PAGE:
Dear Gabby, Pool season is my favorite time of the year to relax and catch some sun. But lately, others at the pool are ruining it for the rest of us with uninvited guests, blaring music and obnoxious activity. Have you had any experience with this? #ConcernedPoolGoer     Dear #ConcernedPoolGoer, Pools rock and even as summer winds down, the pool is a community hot spot but it can go wrong so quickly…public displays of affection, a little too much skin for that suit (or not enough suit for that skin), pool toys…the list goes on. But here are the worst pool faux pas. If you encounter these, feel free to pull your hair out.   1. Non-resident guests Pretty simple really. A guest here, a guest there, fine. I get it; we all have friends we’d like to invite over from time to time. But if the head count starts looking like a softball roster, you’re outta here. Also, please stop making me get up to let you in since you conveniently “left your card at home”.   2. Pool Toy People Acceptable: floaties (for children of course)….and really, that’s about it. Unacceptable: everything else. Keep the extended loungers, footballs, and for heavens sake, the “noodles” at the comforts of your own pool (or at least a private one).     3. Cannonballs!!!! CANNONBALLLLLLL! **SPLASH** Book soaked, cell phone ambushed, and mood, salty. Just don’t.   4. PDA Hey there cassanova. We see you’ve been practicing those sweet moves you learned...

Posted by on in Miscellaneous
Temperatures are soaring and the A/C is cranking. Condo associations can reduce cooling costs in common areas with a few simple techniques. Read on and start saving!   Natural Cooling with Plants Indoor temperatures rise when the sun beats down on roofs and walls. Keep indoor temperatures cooler by planting tall bushes around the property and trees in the line between the sun and the roof.    Solar Screens Try putting solar screens on east- or west-facing windows. These mesh screens can block 70% of solar energy before it gets into the building. Window films can do the same thing, but they only work if windows are closed. If windows in common areas are frequently open, solar screens are a better choice.    Automation Use automatic settings to lower air temperature during the day and raise it during the night. If offices or common areas are closed at night, there’s no need to cool them for the people who aren’t there.    Location, Location, Location If there’s a basement section of a common area, consider making it a gathering place for residents. Instead of putting a pool table or a couch and TV on an upper level, locate these items on a naturally cooler basement level. Keep cool this summer, but be smart about it to save money. Enjoy your summer!  ...

Posted by on in Property Management
image1 (1)The photo above has been all over the internet this week and has caused quite a bit of hype. The quote to go along with it is very fitting, “Winners focus on winning. Losers focus on winners.” The purpose of that quote is to motivate you to focus on your own goals, on your own successes, and your own “race” to get there. I agree with all of that. But, based on my day today, and seeing this photo all over my newsfeed, it dawned on me that we can look at it in an all together different way. As a reminder to actually focus on your competition. My boss came for a site visit today and while she was there we went out and about searching for a new property that had just opened down the road from us. One comp visit turned into a second and third comp visit. Which, I hate to admit, since I’ve been in Georgia, I’ve hardly had an opportunity to go out and do this, but shopping comps with your boss, well mine anyhow, is an altogether different experience. And a ton of fun. While I’m usually always heavily focused on the leasing presentation and pricing, my extremely detail oriented boss is focused on those things as well as whether the televisions in the Athletic Club were on, the undermount lighting in the kitchen, the trees surrounding the community, the picture of the ostrich over the bed in the model……every single small detail. It was an...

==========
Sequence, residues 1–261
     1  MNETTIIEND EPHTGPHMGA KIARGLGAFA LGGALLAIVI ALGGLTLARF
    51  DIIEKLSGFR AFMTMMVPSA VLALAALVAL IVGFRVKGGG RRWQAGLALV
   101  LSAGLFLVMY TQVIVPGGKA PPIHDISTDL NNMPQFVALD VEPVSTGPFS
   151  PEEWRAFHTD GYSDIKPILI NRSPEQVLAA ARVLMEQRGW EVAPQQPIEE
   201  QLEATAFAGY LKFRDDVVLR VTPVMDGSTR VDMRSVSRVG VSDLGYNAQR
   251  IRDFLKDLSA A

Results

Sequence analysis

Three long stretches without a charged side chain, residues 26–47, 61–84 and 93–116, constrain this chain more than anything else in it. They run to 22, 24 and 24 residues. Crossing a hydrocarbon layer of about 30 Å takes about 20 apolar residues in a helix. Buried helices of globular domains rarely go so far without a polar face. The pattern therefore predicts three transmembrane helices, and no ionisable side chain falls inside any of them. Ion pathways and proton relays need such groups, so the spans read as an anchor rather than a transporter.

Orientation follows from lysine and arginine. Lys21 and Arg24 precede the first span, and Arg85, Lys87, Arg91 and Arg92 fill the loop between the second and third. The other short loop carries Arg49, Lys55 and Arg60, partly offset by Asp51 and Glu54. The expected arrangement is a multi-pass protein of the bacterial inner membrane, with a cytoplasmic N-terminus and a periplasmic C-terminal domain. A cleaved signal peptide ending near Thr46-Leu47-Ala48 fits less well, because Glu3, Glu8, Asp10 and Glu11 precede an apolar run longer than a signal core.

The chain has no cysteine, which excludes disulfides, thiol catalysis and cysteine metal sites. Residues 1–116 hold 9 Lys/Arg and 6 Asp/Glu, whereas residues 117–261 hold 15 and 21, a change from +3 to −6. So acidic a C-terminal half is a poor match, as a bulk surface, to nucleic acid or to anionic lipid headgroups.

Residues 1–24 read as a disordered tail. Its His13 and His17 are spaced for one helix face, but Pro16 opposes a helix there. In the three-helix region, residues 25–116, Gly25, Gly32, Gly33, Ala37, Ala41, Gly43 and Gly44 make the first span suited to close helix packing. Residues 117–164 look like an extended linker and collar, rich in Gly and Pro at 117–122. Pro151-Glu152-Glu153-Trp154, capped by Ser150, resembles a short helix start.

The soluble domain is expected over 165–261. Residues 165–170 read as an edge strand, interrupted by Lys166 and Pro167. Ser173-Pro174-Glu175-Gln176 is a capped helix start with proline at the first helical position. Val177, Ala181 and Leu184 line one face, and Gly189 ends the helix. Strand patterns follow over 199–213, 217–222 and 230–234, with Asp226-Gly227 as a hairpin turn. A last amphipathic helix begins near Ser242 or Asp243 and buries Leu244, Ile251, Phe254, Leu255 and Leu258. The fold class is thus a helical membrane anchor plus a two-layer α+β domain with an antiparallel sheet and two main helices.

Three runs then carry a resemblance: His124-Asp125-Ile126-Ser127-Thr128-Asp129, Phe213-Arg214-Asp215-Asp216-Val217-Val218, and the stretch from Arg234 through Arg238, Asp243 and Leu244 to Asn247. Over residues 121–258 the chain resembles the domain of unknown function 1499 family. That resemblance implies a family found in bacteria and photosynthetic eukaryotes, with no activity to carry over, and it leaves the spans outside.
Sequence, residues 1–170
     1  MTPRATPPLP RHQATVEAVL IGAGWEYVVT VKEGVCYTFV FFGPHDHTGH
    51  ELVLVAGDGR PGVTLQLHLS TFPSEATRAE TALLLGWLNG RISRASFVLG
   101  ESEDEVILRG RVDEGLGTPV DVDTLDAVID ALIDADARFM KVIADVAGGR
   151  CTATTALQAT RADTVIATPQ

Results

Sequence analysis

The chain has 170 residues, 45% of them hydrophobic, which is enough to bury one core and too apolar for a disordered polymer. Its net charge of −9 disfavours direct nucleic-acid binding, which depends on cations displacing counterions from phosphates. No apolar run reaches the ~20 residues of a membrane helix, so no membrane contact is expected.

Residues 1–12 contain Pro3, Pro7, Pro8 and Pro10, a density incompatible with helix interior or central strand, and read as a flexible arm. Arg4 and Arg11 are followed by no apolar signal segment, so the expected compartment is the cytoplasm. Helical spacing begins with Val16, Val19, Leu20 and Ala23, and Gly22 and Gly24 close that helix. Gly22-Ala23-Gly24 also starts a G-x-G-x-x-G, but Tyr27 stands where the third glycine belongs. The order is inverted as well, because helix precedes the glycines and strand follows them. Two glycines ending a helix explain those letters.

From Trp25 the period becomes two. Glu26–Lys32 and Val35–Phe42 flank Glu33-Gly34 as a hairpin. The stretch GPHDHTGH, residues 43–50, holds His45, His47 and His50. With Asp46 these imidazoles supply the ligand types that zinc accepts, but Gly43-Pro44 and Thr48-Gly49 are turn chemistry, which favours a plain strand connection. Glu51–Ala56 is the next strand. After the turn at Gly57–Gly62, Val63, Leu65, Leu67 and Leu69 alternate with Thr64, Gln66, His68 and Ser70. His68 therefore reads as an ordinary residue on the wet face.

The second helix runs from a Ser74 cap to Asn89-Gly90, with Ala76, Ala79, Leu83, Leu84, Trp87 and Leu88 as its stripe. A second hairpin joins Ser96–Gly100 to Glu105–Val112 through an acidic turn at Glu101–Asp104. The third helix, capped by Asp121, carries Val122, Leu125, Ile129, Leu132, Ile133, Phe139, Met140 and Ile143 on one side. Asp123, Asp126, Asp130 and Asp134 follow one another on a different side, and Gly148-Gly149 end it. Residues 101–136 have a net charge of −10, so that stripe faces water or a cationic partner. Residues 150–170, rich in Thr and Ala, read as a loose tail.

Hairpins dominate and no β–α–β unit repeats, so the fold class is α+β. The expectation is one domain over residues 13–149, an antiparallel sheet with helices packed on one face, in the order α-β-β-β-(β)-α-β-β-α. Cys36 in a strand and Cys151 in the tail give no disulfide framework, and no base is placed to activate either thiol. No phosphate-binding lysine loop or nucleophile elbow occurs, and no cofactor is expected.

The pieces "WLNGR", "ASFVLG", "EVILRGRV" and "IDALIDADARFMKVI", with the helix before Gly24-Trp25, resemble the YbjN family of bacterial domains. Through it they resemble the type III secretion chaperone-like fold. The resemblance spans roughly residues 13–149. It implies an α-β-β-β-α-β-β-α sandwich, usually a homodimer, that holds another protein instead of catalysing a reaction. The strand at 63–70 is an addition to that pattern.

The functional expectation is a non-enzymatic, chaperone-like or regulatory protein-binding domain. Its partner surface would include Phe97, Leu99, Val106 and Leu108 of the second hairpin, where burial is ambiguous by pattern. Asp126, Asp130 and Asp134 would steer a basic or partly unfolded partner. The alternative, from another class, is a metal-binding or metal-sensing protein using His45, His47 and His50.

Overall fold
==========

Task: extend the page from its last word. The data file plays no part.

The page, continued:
Posted by on in Apartment Leasing
Challenger_Sales_Model.jpg Regular readers of this blog already know our thoughts on the need for multifamily operators to fundamentally change their approach to sales. They also know our feelings on the need to create a real conversation about how operators should manage the sales function today and in the future. We were quite excited to see the current moving in the right direction this past June when we had the opportunity to present our research and results on selling at the NAA conference.  Not only did we get a standing room only experience during the presentation, the conversation afterwards and on the trade show floor showed how far sales has moved up the list of attention. We were encouraged not only by the conversation, but also the familiarity with some of the broader research into effective selling.  Maybe it’s the fact that we’re clearly past the peak of the recent multifamily performance boom, but we’d like to think that our contribution has had some impact as well. One of the most common themes we’ve been asked about is how the research done by CEB that led to the book The Challenger Sale can be applied to multifamily sales.  We love that question, as this research is some of the best ever done into what actually causes successful sales results, and is a core part of what led to our conclusion that the multifamily industry was past the point of desperately needing to change its approach. It also leads to a great set of questions and insights.  Because while...